Q&A with Nicola Stopps: Founder and CEO of Simply Sustainable

27 September 2022 Consultancy.uk 8 min. read
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Now in its 12th year in business, Simply Sustainable has since its inception grown into one of the leading sustainability and ESG consultancy boutiques in the country. We spoke with founder Nicola Stopps on the company’s growth and some of the key challenges leaders face in their ESG journey.

Can you walk us through your career to date?

From a young age I was exposed to the importance of campaigning for positive social change, as both my parents were teachers and actively involved with campaigns such as Greenpeace.

My childhood experiences therefore played a significant part in moulding critical viewpoints that have shaped me today – from women’s rights to sustainability – and instilled the idea within me that you should strive for accountability to elicit social change.

Nicola Stopps, Chief Executive Officer, Simply Sustainable

During my undergraduate degree I spent a lot of time in the university library. It was here that I first read a book about the damaging impact that the Yangtze dam had on the environment, followed by a different book that discussed the thousands of people that had been lifted out of poverty by the creation of the dam.

Together, these works triggered my realisation that climate issues are holistic in nature; there is no singular or even ‘correct’ solution but taking an active involvement is critical. It also made me realise that businesses have the scope and reach to create positive and transformative societal change and I knew that is where I could have the most impact.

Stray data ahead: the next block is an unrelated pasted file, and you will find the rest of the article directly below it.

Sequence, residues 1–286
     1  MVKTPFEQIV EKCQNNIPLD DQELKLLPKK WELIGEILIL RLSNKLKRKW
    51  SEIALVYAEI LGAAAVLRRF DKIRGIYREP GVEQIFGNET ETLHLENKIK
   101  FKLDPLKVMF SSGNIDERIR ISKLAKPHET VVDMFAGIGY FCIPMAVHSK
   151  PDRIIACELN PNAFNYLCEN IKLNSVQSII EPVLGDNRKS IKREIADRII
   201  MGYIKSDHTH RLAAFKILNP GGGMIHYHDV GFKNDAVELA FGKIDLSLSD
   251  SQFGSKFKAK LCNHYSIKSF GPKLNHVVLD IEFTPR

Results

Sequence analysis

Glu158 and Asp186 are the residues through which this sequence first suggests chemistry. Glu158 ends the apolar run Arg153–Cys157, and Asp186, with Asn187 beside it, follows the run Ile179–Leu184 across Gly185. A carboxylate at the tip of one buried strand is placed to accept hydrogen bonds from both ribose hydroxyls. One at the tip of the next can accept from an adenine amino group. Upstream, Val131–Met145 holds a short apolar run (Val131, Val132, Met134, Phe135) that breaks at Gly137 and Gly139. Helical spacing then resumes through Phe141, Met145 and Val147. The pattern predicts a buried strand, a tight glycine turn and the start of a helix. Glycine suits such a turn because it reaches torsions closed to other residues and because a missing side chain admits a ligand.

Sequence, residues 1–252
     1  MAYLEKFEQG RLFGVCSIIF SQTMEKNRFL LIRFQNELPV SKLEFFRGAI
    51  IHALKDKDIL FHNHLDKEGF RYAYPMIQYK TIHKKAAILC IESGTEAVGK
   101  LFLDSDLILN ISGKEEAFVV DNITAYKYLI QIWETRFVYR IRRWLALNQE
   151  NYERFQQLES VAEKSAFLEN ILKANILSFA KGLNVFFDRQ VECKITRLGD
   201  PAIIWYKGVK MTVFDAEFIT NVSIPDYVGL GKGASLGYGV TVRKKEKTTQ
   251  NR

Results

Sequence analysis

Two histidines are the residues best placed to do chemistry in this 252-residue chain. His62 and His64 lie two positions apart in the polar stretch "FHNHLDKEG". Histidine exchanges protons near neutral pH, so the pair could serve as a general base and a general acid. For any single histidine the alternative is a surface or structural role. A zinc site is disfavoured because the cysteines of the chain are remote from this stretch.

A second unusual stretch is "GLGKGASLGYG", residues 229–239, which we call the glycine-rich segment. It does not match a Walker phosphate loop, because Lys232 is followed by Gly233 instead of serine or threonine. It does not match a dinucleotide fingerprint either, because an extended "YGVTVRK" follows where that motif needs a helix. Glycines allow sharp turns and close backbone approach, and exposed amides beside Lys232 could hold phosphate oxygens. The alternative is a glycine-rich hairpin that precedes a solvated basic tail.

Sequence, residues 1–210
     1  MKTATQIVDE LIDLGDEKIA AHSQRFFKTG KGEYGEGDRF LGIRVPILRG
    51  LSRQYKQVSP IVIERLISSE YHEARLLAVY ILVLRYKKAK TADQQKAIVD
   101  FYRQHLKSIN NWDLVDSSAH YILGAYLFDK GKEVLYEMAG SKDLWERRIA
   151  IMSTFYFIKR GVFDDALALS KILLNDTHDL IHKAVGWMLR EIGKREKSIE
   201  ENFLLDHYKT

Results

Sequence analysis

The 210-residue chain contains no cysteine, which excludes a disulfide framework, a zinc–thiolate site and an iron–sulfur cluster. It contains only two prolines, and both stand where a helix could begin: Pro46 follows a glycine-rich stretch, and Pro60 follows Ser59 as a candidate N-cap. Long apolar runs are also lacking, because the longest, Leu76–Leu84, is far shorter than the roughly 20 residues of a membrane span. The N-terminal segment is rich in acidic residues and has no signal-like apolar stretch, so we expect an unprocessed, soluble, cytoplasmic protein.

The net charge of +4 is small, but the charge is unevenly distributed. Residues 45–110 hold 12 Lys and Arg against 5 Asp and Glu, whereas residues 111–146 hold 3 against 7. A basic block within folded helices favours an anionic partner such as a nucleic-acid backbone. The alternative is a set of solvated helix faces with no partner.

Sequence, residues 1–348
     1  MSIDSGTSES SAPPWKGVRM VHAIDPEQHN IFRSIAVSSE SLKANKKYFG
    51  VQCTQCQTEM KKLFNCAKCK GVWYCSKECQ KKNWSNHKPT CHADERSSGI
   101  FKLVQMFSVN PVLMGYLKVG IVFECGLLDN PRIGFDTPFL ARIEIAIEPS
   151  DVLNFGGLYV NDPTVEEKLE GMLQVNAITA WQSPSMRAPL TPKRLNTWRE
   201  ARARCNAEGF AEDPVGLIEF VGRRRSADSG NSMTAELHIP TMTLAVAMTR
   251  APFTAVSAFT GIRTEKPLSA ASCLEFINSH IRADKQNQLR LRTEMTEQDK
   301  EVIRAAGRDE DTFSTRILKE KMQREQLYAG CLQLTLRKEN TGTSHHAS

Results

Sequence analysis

Prior to Simply Sustainable, the now award-winning sustainability consultancy which I founded in 2010, I achieved a Geography degree from University of Exeter and received my Master’s in Environmental Impact Assessment and Auditing from the University of East Anglia, which led me to my previous roles which included Head of Corporate Responsibility at T-Mobile, Director of Sustainability and Environment at Travelodge Hotels, as well as working for DHL and the BBC.

Since founding Simply Sustainable in 2010, I have worked with many international and national organisations on developing their ESG and sustainability programmes. Our long-term clients include London Stansted Airport, Costa, EE, Direct Line Group, easyJet, Spotify, Volkswagen, Manchester Airports Group, Berkeley Group, Central England Cooperative, Amtico and Investec.

What encouraged you to start Simply Sustainable?

Throughout my career in ESG, it quickly became clear to me how professionals inside and outside of the field over complicate terminology in the sector. The origin of ‘Simply Sustainable’ therefore heavily derives from these frustrations which motivated me to start the business.

I wanted to build an organisation that was a joy to work with, that was highly skilled and knowledgeable but didn’t over complicate and removed the unnecessary use of complex terminology and language (as it had to be sold into the business).